September 30, 2021
Today, we recognize National Day for Truth and Reconciliation, and encourage all Manitobans to join the provincial government to learn and engage in meaningful discussions about residential schools and its tragic enduring legacy in our country.
In June, the House of Commons passed Bill C-5, establishing a new federal statutory holiday, National Day for Truth and Reconciliation to be observed on Sept. 30 annually starting this year. The Manitoba government has also recognized this day as a day of observance to encourage reflection and meaningful discussions about the impacts of residential schools.
Observing today is vital to memorializing residential school experiences, witnessing and honouring the healing journeys of survivors and their families, and committing to the ongoing process of reconciliation.
National Day for Truth and Reconciliation is just one-step in the process to heal the relationship with Indigenous peoples by having meaningful discussions about the trauma Indigenous peoples and their families have faced and to build a bridge to a new, healthier, more positive and productive relationship.
We all have a role to play in the reconciliation and healing process for Indigenous peoples who have suffered the physical and emotional trauma of the residential school system and with recent tragic discoveries on the grounds of residential schools across Canada makes this day even more significant.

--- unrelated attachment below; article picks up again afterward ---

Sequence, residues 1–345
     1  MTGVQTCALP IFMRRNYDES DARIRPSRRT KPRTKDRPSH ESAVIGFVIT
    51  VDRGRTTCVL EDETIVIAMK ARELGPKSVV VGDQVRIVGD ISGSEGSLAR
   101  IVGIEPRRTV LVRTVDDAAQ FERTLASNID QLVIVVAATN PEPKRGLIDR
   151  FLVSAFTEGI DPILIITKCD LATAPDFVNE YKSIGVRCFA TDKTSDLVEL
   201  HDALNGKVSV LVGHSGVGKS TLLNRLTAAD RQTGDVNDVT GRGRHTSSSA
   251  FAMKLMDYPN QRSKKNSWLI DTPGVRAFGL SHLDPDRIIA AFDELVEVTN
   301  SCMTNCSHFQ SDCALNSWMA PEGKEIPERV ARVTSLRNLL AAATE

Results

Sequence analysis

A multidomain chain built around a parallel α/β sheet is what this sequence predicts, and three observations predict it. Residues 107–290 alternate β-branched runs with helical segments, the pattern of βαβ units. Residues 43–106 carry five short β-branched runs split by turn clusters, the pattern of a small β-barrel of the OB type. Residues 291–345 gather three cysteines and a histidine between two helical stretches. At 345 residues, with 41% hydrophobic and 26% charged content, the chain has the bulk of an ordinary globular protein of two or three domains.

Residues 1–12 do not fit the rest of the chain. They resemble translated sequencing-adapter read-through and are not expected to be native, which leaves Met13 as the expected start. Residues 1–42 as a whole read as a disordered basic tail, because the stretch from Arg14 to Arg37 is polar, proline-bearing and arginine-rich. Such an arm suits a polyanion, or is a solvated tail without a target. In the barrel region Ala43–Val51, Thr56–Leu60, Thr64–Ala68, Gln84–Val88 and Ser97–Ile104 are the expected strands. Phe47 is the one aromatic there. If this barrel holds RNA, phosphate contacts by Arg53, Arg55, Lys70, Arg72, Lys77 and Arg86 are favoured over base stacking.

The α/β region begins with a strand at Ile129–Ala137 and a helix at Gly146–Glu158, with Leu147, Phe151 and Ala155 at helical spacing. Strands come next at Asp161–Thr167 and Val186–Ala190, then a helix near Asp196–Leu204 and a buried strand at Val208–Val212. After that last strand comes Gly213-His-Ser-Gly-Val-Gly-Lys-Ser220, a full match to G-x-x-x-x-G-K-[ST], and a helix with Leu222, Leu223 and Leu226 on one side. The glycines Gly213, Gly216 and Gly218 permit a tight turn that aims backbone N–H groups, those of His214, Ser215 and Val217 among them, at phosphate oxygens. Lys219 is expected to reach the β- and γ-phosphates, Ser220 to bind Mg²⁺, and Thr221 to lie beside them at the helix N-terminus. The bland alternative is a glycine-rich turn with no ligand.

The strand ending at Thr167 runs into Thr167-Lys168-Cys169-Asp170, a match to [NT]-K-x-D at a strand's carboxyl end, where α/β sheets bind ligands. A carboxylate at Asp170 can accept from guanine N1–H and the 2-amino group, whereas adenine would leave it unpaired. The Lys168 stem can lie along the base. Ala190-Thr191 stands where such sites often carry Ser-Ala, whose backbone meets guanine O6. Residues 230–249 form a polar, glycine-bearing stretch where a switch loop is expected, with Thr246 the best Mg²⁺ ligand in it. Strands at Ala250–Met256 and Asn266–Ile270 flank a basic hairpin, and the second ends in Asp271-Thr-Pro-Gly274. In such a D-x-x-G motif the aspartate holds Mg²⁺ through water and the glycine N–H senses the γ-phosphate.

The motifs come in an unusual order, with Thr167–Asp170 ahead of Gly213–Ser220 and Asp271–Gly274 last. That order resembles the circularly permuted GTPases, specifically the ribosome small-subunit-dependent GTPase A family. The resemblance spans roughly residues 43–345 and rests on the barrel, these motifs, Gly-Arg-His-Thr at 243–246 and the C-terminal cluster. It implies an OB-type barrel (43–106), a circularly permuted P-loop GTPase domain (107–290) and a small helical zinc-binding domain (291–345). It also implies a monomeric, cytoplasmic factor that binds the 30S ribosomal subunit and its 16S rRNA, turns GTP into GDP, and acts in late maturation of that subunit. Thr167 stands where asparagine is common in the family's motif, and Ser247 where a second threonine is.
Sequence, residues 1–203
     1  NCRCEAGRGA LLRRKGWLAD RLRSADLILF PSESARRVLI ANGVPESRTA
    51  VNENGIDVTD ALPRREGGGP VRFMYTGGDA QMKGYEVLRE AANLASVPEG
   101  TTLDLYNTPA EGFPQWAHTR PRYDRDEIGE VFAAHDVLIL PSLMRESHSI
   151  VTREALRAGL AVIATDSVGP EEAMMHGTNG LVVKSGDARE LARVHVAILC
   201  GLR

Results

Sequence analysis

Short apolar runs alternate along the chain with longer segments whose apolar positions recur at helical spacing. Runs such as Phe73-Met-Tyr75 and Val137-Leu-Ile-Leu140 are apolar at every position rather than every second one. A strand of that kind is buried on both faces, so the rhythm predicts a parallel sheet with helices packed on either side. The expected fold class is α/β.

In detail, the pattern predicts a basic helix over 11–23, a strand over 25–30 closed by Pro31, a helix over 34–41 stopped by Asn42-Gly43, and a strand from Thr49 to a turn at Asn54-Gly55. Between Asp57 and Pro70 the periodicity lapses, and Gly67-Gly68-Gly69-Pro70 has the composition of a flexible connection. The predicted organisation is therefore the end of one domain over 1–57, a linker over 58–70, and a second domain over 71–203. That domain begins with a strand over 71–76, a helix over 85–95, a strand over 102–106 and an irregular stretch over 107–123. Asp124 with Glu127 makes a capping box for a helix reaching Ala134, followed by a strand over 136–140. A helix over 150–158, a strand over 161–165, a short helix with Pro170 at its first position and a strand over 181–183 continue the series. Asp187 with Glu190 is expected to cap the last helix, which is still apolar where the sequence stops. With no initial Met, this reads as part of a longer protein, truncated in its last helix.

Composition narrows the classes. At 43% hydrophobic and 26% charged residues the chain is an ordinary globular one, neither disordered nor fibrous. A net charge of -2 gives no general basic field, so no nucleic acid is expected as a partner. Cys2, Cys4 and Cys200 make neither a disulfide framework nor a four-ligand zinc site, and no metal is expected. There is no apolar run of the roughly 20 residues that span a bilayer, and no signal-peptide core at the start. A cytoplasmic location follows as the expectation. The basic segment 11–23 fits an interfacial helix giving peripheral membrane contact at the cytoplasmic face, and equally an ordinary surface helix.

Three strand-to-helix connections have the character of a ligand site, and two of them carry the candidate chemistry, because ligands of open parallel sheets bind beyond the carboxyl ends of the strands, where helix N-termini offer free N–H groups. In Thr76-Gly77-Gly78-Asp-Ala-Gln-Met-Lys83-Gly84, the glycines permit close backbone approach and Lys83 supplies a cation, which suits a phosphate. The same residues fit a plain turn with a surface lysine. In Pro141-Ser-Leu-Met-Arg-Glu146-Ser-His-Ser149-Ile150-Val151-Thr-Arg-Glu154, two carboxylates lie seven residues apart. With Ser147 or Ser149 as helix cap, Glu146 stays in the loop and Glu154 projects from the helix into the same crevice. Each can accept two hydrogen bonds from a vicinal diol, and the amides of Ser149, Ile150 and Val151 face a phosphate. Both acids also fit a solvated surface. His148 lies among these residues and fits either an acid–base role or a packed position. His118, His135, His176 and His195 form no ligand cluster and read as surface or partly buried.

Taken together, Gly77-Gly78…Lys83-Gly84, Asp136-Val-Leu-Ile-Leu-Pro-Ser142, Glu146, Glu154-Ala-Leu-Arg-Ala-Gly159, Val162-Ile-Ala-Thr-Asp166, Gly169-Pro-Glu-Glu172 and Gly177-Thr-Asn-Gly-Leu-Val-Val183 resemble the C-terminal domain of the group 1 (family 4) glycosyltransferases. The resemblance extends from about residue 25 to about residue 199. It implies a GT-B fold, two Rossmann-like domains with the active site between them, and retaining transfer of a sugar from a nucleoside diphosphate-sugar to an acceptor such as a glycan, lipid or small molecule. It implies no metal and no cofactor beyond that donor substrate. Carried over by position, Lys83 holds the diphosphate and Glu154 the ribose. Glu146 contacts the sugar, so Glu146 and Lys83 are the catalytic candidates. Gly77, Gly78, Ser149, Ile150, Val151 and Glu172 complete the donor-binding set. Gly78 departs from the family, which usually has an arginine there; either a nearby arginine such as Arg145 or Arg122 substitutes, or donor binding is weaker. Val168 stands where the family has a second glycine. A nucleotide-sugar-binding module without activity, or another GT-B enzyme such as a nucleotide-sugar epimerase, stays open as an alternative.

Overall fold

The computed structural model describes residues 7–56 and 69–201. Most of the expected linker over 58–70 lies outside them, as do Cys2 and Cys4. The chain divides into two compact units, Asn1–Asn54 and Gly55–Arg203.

In 2017, Manitoba passed legislation to recognize formally Sept. 30 as Orange Shirt Day to encourage meaningful discussions about the trauma of residential schools.
Flags on all provincial government buildings will be lowered today to half-mast to align with long-standing protocol for all National Days of Observance. Schools and non-essential government services and offices will also be closed for the day to observe the National Day for Truth and Reconciliation. At sunset, the Legislative Building will be lit up with an orange Every Child Matters graphic to honour the children that never returned home from residential schools. The graphic was designed by Natalie Thiessen in partnership with Manitoba Keewatinowi Okimakanak Inc.
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